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Buffalo Skipper

"Upgrading" troop equipment

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Buffalo Skipper,


We have used Timberline 2s in our troop for many years, and we really love them (except for the zippers). They have plenty of room for 2 scouts which is our recommended maximum number of scouts per tent. We have a couple of T4s that our adults use because of all the additional room. We have not worked with the add-on vestibule or annex fly?


We use our Spitfires on both backpacking and non-backpacking campouts. They are super light (less than 5 lbs. each) and have plenty of ventilation since they are about 75% screen mesh. The only down-side is that they are not free-standing and must be staked down which is not a huge disadvantage in our opinion.


Good luck!


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jtswestark writes:


"So who is supposed to buy the tents then?"


Older Scouts who have caught the backpacking bug usually purchase more expensive tents with the money they earn from part-time jobs and Troop fund-raisers (after they have raised enough to pay for summer camp).


The parents, grandparents, aunts, or uncles often buy tents for the youngest Scouts as presents, or just give them a tent that has been gathering dust for years.


Under our optional equipment list (which we labeled "Wish List for Birthdays, Christmas") we included:


"___ SMALL '3 MAN' DOME TENT -- WE NEED THEM! (When buying new, the outer rain cover should come all the way down to the ground. Costs about $50 on sale)"


We recruit our Scouts in the local public school in September, by which time tents are deeply discounted and relatives are already thinking of Christmas presents.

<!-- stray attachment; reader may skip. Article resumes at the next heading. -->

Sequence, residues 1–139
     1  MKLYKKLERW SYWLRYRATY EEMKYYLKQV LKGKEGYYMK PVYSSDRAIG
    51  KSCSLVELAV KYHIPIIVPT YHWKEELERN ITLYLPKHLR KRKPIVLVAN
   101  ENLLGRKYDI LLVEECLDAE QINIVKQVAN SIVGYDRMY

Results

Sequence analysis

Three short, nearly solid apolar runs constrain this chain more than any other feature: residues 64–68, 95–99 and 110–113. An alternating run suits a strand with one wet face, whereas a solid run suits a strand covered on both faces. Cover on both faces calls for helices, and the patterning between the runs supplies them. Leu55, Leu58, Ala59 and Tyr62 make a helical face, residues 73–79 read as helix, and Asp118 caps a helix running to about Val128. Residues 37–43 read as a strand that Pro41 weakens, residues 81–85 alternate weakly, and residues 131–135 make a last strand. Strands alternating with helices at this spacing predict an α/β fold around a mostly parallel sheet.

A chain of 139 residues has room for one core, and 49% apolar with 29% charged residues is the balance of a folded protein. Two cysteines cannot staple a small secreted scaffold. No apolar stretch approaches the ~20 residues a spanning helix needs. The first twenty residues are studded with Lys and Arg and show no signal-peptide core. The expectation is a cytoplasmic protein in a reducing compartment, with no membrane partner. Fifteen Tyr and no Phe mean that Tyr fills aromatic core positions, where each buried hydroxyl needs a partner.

Tents as gifts are surprisingly popular with very poor families in which a boy might be embarrassed to invite his friends from school to his house in the projects. A tent is a Scout's home away from home. It may be the only part of his life over which he has control.


Pride of ownership is THE natural way to teach responsibility, far sweeter to a Scout than the customary bellowing and guilt-tripping over "values" that so often accompanies the imposed socialism in Troops that do not allow Patrols to use their own tents.


An extra advantage of any $50 Coleman or Ozark Trails tent is that the "bathtub" bottom keeps an inexperienced Scout much drier than a Eureka Timberline. Inexpensive dome tents also shed snow well. If you are careful, even cheap poles will not snap while setting them up in below-zero weather.


We have a dozen Troop-owned Eureka Timberlines available if needed, but most of our Patrols end up with a pile of unused personal tents stacked up like firewood after they find a remote Patrol area on Friday night and decide how many tents they want to set up.




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My son's troop (I'm as ASM) has Scouts bring their own tents - enhances ownwership - and then has a few troop tents for those Scouts who don't have tents.


My advice would be to look at the 4-person Alps Mountaineering Taurus Outfitter tents.


45% off for Scouters. They have heavy duty zippers and floors, aluminum poles, no pole sleeves to rip, and the vestibules make for easy pitching.


I'd still recommend enforcing the open the zipper all the way rule AND the no shoes in tent rule.


When you're car camping, these tents can hold 2-3 Scouts easily.


When you're backpacing, these tents can hold 3-4 Scouts with gear stowed outside. Scouts can distributed the tent, fly, poles, and stakes amoung their packs.



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